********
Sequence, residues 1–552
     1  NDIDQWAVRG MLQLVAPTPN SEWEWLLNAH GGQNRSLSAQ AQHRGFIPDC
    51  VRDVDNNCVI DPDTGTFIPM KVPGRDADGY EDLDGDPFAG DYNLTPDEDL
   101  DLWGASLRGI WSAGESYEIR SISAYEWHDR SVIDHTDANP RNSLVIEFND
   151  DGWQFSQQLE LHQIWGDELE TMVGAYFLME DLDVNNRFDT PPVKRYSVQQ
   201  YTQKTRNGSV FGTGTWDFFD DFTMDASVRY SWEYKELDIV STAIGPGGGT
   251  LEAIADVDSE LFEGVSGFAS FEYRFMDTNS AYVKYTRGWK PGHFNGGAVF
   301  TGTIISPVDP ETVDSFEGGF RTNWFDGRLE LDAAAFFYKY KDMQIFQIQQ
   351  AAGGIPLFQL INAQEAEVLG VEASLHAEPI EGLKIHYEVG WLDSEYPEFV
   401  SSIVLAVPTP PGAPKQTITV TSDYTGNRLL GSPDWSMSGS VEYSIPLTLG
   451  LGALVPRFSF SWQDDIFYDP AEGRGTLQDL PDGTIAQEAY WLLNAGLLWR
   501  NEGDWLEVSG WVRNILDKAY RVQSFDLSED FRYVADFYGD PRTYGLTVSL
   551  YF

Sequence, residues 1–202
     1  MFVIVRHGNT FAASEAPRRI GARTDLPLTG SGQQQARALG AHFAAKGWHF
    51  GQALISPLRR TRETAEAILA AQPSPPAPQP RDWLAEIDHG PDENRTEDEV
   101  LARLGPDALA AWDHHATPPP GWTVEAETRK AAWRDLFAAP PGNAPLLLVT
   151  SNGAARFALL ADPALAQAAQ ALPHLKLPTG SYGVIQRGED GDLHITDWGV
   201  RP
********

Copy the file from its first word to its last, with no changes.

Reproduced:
Sequence, residues 1–552
     1  NDIDQWAVRG MLQLVAPTPN SEWEWLLNAH GGQNRSLSAQ AQHRGFIPDC
    51  VRDVDNNCVI DPDTGTFIPM KVPGRDADGY EDLDGDPFAG DYNLTPDEDL
   101  DLWGASLRGI WSAGESYEIR SISAYEWHDR SVIDHTDANP RNSLVIEFND
   151  DGWQFSQQLE LHQIWGDELE TMVGAYFLME DLDVNNRFDT PPVKRYSVQQ
   201  YTQKTRNGSV FGTGTWDFFD DFTMDASVRY SWEYKELDIV STAIGPGGGT
   251  LEAIADVDSE LFEGVSGFAS FEYRFMDTNS AYVKYTRGWK PGHFNGGAVF
   301  TGTIISPVDP ETVDSFEGGF RTNWFDGRLE LDAAAFFYKY KDMQIFQIQQ
   351  AAGGIPLFQL INAQEAEVLG VEASLHAEPI EGLKIHYEVG WLDSEYPEFV
   401  SSIVLAVPTP PGAPKQTITV TSDYTGNRLL GSPDWSMSGS VEYSIPLTLG
   451  LGALVPRFSF SWQDDIFYDP AEGRGTLQDL PDGTIAQEAY WLLNAGLLWR
   501  NEGDWLEVSG WVRNILDKAY RVQSFDLSED FRYVADFYGD PRTYGLTVSL
   551  YF

Sequence, residues 1–202
     1  MFVIVRHGNT FAASEAPRRI GARTDLPLTG SGQQQARALG AHFAAKGWHF
    51  GQALISPLRR TRETAEAILA AQPSPPAPQP RDWLAEIDHG PDENRTEDEV
   101  LARLGPDALA AWDHHATPPP GWTVEAETRK AAWRDLFAAP PGNAPLLLVT
   151  SNGAARFALL ADPALAQAAQ ALPHLKLPTG SYGVIQRGED GDLHITDWGV
   201  RP